Robert meets Steven for a chat at a reception that turns out to be in celebration of Steven’s new vineyard or something. (Dumb joke about how he bought a vineyard next door that’s the German word for “frost.” The German word for “frost” is der Frost). Question: if Steven’s throwing the reception, why does he only talk to Robert at it? Anyway, Steven’s got lots of money to spend now (he’s going to vet a Russian business partner for the second biggest energy company in Germany — does he know Gerhard Schröder?) and he wants Robert to get on board. This feels like a mashup of plotlines from season 1 (Robert and Steven need money so they embezzle and season 2 (Steven needs Robert to help him do his intelligence). In the course of Steven reminding us of the political background in Estonia (this is the second time during this show, honestly, do they think we have no brains? or that we need to be reminded that the Russians are the villains in the show? I’m no fan of Vladimir Putin, but it’s only the most superficial picture he paints here), we learn that he unexpectedly knows Daniel is in Estonia — and Robert admits he isn’t back. (Shouldn’t Robert be more worried about Steven knowing that?) Steven suggests asking SUPO and Robert demurs. Robert also says he isn’t quitting his job.

This is “Langley” for season 3. Langley, thy name is “Jason”.

Valerie is on a satellite call with her boss in Virginia — who says her info about Estonia is just “a series of unfortunate events.” Jason tells her that there’s a retired Cold War-era agent in Berlin who’s podcasting and telling stories. This feels like a very coded conversation. Jason tells her the most recent story is a lie (then why do you care?), Valerie suggests getting a lawyer (is this code for “hit man”?), Jason says that they’re beyond lawyers but “I’ve been told that 40 years merits at least a courtesy call” (which seems to be warning for “tell him we will kill him to shut him up).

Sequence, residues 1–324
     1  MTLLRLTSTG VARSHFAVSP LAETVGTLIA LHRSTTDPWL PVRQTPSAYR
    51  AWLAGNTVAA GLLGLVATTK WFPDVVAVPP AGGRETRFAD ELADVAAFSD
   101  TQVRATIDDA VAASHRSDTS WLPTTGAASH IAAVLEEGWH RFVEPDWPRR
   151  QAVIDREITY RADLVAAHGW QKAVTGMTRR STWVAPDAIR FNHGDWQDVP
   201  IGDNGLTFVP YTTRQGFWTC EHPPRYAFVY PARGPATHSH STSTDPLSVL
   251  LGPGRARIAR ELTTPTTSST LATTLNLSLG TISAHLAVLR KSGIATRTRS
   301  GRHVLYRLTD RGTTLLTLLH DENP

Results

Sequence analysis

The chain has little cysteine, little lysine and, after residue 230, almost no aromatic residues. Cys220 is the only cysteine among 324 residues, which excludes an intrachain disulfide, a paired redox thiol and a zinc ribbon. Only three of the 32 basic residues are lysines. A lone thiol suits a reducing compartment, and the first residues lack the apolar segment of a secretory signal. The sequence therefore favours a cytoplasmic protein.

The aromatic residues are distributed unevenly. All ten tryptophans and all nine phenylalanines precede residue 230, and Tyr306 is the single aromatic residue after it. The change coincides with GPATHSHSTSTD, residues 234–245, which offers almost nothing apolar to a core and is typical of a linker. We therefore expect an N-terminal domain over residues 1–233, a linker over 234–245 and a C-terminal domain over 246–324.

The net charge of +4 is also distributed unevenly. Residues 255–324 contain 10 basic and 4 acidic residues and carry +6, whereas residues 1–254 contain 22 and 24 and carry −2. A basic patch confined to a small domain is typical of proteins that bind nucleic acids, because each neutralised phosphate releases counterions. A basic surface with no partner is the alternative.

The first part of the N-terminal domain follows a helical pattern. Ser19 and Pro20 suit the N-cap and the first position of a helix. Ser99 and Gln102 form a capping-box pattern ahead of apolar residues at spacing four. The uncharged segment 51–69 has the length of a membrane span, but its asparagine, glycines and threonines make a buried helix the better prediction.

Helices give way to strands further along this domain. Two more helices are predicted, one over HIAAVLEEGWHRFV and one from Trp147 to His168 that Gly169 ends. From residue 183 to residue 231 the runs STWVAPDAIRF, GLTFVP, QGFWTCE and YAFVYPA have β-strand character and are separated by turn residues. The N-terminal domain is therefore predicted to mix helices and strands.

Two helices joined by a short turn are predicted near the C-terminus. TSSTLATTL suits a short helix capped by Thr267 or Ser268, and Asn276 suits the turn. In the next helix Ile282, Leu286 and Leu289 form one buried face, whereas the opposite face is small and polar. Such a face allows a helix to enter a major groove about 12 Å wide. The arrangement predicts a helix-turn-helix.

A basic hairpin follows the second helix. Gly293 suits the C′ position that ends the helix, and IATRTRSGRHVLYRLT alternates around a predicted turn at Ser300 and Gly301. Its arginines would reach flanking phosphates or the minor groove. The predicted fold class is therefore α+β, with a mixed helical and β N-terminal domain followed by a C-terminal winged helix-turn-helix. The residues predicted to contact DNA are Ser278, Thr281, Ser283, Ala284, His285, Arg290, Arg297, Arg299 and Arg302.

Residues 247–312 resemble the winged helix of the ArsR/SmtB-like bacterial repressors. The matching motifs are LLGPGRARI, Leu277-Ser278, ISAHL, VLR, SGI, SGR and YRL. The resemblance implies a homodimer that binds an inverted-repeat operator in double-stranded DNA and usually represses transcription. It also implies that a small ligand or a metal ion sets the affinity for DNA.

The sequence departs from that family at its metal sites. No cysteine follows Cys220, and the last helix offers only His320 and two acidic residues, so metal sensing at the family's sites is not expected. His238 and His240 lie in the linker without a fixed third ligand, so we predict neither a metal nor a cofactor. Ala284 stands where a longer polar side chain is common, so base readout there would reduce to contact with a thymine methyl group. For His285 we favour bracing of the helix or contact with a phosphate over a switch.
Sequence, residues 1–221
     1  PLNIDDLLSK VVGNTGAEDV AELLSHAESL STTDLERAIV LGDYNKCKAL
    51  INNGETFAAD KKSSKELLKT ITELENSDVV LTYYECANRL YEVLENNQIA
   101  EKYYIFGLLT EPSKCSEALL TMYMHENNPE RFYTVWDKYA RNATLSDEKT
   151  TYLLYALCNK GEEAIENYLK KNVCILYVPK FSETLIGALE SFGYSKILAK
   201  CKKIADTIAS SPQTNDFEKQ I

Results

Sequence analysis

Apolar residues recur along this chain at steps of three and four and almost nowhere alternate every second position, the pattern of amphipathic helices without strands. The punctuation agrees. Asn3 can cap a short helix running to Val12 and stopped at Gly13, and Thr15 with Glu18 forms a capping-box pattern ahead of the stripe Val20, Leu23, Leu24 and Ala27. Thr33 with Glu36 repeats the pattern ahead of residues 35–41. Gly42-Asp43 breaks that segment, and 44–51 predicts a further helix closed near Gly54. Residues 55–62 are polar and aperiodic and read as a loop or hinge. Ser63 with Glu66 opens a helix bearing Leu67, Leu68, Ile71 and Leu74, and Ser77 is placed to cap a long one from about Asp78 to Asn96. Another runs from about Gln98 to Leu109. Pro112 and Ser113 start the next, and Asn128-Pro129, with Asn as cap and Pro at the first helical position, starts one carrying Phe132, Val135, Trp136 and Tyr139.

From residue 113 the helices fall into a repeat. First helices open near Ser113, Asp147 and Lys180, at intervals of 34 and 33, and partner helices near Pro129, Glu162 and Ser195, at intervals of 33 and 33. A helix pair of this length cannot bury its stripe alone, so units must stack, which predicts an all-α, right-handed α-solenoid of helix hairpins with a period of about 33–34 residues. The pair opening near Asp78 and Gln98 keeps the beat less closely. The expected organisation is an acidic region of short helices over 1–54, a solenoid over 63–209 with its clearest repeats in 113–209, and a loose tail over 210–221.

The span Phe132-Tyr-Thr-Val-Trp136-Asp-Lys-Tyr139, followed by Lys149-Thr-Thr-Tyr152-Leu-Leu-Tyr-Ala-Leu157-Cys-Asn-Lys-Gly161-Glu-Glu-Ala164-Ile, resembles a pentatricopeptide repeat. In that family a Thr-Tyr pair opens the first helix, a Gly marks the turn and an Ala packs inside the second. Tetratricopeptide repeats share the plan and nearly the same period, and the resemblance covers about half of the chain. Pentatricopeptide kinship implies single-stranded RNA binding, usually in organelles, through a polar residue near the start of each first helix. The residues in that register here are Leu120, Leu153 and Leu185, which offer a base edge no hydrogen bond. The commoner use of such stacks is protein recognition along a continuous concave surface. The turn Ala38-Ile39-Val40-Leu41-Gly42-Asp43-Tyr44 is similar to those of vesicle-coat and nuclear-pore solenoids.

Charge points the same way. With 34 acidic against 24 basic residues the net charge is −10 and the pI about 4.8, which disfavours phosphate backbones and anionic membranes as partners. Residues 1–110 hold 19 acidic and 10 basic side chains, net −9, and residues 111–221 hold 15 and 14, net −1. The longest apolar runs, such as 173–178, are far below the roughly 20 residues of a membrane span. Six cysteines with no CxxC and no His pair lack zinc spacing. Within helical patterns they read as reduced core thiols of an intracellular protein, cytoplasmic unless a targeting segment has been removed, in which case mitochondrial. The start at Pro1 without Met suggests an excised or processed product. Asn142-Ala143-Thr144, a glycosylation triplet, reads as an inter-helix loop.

Next, Esther and Valerie meet at an art auction.

Fighting international moneylaundering, doncha know, but I think it’s just an excuse to show the fancy-shmancey interior.

Esther seems to have suggested the meeting place but not the meeting. Valerie asks about Estonia. Valerie thinks it’s serious enough to justify invoking Article 5 of the NATO charter. Esther notes that Russia provides a big chunk of Germany’s energy. She asks whether Valerie is speaking officially. Valerie apologizes for erratic US policy, and Esther slips in one of those neat German words, “Backpfeifengesicht,” — a face that makes you want to punch it. Esther agrees to support Valerie but notes Valerie will have to take the lead.

Then, just as Valerie wants to go — bang! Esther asks about Daniel.

I have no idea why Valerie is so surprised about the question, but Michelle Forbes does have a striking face.

Esther tells Valerie Daniel was distressed about his past the previous afternoon, and Valerie sort of brushes it all off. It’s probably fair to say that if I were Esther, I’d be undertaking my own search at this point, even though that isn’t hinted at here.

Shift to Tallinn / Sopron. Maret the Waitress and Basarov are observing a developing clash between Estonians and supporters of Russia in the square, where it looks like that monument is coming down after all.